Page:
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but can you do something
to shrink it down?"
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And the answer is:
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of course.
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We can replace each
big element in that system
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with a smaller component --
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a little integrated circuit,
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a display chip the size
of a child's fingernail.
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A bit about my background:
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I've spent the last two decades
inventing, prototype-developing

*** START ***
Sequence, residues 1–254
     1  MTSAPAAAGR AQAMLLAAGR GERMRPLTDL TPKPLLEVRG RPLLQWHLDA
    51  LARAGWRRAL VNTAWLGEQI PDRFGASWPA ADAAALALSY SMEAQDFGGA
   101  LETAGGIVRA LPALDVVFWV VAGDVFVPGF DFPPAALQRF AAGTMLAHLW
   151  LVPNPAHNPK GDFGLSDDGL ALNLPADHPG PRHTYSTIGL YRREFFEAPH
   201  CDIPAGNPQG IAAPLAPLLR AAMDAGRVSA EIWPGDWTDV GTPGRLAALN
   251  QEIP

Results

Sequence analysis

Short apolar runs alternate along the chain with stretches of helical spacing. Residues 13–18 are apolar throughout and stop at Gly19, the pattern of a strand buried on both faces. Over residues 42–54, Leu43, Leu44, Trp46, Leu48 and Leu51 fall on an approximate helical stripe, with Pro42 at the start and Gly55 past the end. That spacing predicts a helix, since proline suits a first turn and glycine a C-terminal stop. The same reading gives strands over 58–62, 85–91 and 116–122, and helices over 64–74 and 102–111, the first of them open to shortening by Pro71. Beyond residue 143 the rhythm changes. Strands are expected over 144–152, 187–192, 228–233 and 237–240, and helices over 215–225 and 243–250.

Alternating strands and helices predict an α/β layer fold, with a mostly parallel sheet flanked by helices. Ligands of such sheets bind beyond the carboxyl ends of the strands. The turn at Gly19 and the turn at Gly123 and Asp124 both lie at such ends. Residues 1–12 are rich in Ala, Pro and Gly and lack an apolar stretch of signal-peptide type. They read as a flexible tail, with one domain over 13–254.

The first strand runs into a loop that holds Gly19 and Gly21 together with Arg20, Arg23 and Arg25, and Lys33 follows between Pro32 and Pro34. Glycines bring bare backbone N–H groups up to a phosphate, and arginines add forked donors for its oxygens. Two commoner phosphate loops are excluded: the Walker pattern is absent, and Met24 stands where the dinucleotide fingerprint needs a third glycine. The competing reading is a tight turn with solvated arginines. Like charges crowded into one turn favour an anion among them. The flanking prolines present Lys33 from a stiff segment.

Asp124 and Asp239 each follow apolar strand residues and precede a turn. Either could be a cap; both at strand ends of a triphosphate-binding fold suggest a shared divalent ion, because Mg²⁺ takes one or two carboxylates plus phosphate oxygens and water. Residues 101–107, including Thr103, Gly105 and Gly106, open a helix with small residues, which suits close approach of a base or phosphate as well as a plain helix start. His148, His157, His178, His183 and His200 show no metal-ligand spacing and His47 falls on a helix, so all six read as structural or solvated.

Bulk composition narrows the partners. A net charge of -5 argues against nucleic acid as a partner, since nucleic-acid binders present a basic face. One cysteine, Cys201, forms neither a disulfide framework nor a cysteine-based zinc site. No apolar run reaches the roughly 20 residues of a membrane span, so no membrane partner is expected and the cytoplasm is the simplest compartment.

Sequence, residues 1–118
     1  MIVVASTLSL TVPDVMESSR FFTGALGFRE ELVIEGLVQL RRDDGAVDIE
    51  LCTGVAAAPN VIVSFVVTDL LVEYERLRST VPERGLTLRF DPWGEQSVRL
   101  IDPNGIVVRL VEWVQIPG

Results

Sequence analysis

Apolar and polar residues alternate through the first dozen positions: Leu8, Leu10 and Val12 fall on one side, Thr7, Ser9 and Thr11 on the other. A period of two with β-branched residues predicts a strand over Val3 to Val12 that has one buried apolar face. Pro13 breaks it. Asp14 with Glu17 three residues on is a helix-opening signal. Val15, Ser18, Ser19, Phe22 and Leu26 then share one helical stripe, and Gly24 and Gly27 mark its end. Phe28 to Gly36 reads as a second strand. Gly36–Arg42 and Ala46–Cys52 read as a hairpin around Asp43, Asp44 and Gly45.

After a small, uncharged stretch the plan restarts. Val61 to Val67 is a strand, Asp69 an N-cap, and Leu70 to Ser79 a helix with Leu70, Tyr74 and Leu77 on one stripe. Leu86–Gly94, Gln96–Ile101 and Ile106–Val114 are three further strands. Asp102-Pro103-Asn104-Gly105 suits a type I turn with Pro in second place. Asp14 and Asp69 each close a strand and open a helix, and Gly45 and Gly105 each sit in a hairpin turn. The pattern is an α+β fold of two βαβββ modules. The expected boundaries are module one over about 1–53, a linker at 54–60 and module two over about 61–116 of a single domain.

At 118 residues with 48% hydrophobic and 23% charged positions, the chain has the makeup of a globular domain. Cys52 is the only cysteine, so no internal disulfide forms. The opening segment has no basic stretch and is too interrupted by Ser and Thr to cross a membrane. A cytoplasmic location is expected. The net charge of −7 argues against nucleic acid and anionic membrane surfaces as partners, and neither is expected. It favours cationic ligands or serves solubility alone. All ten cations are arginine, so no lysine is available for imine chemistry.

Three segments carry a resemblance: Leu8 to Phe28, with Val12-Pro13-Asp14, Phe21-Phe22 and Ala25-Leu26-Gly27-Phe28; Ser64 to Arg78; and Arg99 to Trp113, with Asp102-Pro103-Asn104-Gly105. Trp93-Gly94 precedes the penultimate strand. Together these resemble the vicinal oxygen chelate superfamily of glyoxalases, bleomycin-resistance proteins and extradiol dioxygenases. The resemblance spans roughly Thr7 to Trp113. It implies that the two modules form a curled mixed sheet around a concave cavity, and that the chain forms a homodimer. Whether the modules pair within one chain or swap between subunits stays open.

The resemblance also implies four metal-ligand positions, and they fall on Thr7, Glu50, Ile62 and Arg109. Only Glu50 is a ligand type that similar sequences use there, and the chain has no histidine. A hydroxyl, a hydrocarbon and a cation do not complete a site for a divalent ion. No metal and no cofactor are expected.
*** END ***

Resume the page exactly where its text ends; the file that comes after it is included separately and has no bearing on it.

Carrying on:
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and then shipping billions of dollars
of consumer electronics --
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with full custom chips --
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on the hairy edge of optical physics.
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So my team and I built the big lab rig
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to perfect our architecture
and test the corner cases
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and really fine-tune our chip designs,
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before spending the millions of dollars
to fabricate each chip.
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Our new chip inventions
slim down the system, speed it up
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and enable rapid scanning
and de-scattering of light
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to see deep into our bodies.
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This is the third key to enable
better, faster and cheaper health care.